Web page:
Guest Editorial: Fentiman on “Private International Law and the Downturn”

Richard Fentiman is Reader in Private International Law at the University of Cambridge, where he teaches the postgraduate course on International Commercial Litigation. His book on International Commercial Litigation was published by Oxford University Press in February 2010. He is the author of Foreign Law in English Courts (OUP, 1998), and he gave a course at the Hague Academy of International Law on The Appropriate Forum in International Litigation in 2002.  His recent publications include ‘The Significance of Close Connection’ in Ahern and Binchy, The Rome II Regulation on the Law Applicable to Non-Contractual Obligations (Nijhoff, 2009) , and ‘Choice of Law in Europe: Uniformity and Integration’ (2008) 82 Tulane LR 2021. He recently gave evidence to the House of Lords European Union Committee on the reform of the Brussels I Regulation.


An increase in litigation in the wake of the economic downturn was widely anticipated, and with it a rise in cross-border disputes with conflicts elements. Yet the expected flood of cases has not materialised, despite a rise in claims in commercial centres such as London. There are reasons why disputes increase in any slump. But the current downturn has special features. These suggest what kind of disputes may arise, including conflicts disputes, and they explain why the number of claims is less than expected. A surge in litigation may yet occur, as initial attempts at compromise fail. But, whatever the number of disputes, private international law may have a central role in regulating the downturn’s legal effects.

Private International Law and the Downturn

1. Facts and figures

Is private international law affected by the current downturn? An intuitive answer is that commercial disputes proliferate with economic contraction. Conflicts disputes increase correspondingly because so much commercial activity is transnational. This is apparently verified by recent developments in London, venue for so many commercial disputes. With the world’s leading economies in recession, 2009 saw an increase of 20% on the previous year in claims initiated in the London Commercial Court. ((Financial Times, 8 April 2010.)) 1,225 claim forms were issued, close to the average in the early years of the last decade, and the highest number since 2002. ((When 1,213 claims were initiated: Admiralty and Commercial Court Report 2002-2003, [11].)) More striking still, cases submitted to the London Court of International Arbitration reached a record high in 2009, an annual increase of almost 30%. ((Financial Times, 8 April 2010.)) Many of these claims are likely to have foreign elements. Most commercial disputes in London involve foreign parties, or foreign laws, or foreign assets, or parallel foreign proceedings, or acts or omissions abroad – often in combination. ((The Commercial and Admiralty Court Report 2005-2006 records that approximately 80% of claims in that year involved at least one non-UK party.))

Such figures need cautious handling. Of course some recent cases originate in the downturn, some with conflicts implications. ((As, for example, Jefferies International Ltd v Landsbanki Islands HF [2009] EWHC 894 (Comm).)) But only proper investigation will reveal the true cause (or causes) of the rise in claims in London. Nor can it be a complete explanation to attribute the increase to the recession. The risk of default may have heightened, but the number of transactions from which litigation might arise increased in the preceding years of plenty, enhancing the risk of litigation, downturn or not. Nor does the increase in claims mean that conflicts issues are at stake. How many recent actions in the Commercial Court involve contested issues of private international law remains a matter of speculation until they go to trial, as many will not, given the tendency of commercial disputes to settle. ((Commercial and Admiralty Court Report 2004-2005, 3.)) The nature of arbitrated disputes is even harder to discern, given the privacy of the process. ((Unless ancillary proceedings arise in court.))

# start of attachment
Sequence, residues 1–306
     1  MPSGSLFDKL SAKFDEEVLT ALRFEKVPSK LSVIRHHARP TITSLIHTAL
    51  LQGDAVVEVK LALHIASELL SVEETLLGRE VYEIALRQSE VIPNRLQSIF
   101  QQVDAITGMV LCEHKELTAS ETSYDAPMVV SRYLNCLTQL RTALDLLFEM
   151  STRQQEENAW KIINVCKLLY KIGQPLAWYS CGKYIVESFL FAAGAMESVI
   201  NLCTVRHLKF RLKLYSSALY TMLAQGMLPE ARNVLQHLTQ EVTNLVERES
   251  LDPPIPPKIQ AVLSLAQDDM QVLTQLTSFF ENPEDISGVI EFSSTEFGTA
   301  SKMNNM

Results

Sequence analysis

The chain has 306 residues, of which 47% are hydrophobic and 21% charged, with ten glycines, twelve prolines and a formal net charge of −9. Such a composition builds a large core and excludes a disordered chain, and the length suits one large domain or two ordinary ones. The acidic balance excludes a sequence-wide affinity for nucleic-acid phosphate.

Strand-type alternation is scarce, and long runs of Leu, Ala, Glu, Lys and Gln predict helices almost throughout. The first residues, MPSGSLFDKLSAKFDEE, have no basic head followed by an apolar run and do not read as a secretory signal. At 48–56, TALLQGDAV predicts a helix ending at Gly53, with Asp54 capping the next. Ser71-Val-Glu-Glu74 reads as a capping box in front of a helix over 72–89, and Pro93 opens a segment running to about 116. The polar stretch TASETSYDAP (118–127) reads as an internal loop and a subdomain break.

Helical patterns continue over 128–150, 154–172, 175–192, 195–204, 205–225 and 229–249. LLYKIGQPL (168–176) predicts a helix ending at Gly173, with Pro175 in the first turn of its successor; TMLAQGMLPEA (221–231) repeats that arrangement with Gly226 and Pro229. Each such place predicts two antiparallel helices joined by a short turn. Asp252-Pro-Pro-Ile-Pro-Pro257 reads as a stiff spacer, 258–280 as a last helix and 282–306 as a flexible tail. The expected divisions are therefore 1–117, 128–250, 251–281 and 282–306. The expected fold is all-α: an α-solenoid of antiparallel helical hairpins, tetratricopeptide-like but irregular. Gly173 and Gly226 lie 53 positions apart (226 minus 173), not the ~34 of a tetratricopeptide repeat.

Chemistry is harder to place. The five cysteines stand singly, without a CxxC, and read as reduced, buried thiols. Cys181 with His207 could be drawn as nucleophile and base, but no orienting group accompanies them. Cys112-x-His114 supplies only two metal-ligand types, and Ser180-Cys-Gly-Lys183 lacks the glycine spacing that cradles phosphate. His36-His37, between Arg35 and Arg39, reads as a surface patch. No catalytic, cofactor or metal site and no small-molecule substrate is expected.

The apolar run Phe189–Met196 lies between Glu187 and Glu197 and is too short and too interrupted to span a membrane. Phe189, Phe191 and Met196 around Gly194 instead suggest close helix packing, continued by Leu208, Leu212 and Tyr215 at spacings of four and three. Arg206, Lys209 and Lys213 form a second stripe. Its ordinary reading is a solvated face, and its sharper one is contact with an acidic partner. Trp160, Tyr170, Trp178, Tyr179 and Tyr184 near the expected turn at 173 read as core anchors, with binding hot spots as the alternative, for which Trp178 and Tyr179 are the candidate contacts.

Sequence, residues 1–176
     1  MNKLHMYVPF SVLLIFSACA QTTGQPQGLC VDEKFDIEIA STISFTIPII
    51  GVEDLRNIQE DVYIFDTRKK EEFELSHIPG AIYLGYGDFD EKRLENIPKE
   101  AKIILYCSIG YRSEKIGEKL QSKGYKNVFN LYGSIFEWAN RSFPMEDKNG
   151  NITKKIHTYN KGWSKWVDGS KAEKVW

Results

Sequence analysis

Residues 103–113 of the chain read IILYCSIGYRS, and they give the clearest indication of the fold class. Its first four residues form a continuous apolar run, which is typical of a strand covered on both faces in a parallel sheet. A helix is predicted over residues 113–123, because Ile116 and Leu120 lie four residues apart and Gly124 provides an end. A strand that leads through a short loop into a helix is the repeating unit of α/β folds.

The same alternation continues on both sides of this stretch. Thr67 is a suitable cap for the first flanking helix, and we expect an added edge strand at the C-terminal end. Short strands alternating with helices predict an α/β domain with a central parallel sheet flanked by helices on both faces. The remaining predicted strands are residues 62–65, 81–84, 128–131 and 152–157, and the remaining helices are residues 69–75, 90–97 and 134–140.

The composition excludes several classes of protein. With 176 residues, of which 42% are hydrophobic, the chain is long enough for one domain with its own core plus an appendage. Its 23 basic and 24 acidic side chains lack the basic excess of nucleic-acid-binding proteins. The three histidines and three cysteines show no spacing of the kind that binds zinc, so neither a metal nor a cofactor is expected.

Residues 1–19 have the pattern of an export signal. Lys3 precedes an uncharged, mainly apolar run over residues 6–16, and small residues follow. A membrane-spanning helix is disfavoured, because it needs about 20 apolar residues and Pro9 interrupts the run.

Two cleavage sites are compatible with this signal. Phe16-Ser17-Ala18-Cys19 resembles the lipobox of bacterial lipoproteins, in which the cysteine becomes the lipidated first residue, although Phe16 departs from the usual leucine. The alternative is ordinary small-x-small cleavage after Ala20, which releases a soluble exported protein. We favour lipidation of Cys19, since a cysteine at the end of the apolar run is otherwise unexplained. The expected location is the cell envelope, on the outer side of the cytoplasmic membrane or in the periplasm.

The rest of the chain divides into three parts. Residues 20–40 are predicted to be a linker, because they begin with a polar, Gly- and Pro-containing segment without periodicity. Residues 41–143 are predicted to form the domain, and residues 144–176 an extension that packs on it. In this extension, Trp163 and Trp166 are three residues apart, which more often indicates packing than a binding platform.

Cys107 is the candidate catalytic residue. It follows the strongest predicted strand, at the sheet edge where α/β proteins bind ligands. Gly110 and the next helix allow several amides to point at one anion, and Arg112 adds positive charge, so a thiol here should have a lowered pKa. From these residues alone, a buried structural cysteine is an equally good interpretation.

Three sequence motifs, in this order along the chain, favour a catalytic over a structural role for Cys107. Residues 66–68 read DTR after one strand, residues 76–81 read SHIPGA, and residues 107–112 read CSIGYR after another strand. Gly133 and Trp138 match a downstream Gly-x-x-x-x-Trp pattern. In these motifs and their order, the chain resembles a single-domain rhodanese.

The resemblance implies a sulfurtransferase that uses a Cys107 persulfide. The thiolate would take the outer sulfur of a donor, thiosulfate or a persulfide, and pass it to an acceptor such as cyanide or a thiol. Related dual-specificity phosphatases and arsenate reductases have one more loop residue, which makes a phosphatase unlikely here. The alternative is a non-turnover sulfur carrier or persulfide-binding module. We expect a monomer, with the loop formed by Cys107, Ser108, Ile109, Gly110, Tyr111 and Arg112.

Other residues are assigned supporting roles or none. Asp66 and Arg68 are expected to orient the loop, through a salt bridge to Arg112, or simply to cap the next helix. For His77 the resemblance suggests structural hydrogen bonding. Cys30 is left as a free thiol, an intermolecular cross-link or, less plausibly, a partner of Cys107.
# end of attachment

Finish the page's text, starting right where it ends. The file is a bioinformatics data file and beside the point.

Such caveats aside, the rise in pending disputes in London gives pause for thought, and begs intriguing questions. Has the downturn generated more disputes? Does this mean more conflicts disputes? What kind of conflicts disputes? How will they be resolved – in court, by arbitration, or by negotiation? And what of the biggest puzzle? Why has the slump not triggered still more claims? A proper response to these questions demands an empirical study, traversing the economics and sociology of litigation. The following brief remarks are no such thing, but attempt at least to capture some impressions, and suggest some possibilities.

2. Disputes and the economy

Litigation can be generated by economic growth as well as by retrenchment. Transactions multiply with economic expansion, increasing the potential for disputes. Some litigants may also be more aggressive in pursuing or defending proceedings if cushioned by prosperity from the risk of losing. But the risk of default is surely less when times are good, when credit is cheaper, and transaction costs stable. Experience confirms that economic crises spawn litigation. This is reflected in microcosm by the spike in claims in the London Commercial Court in the late 1990s. 1,808 claims were initiated in 1999, explained in large part by the implosion of the Lloyd’s insurance market. ((Admiralty and Commercial Court Report 2005-2006, 5.))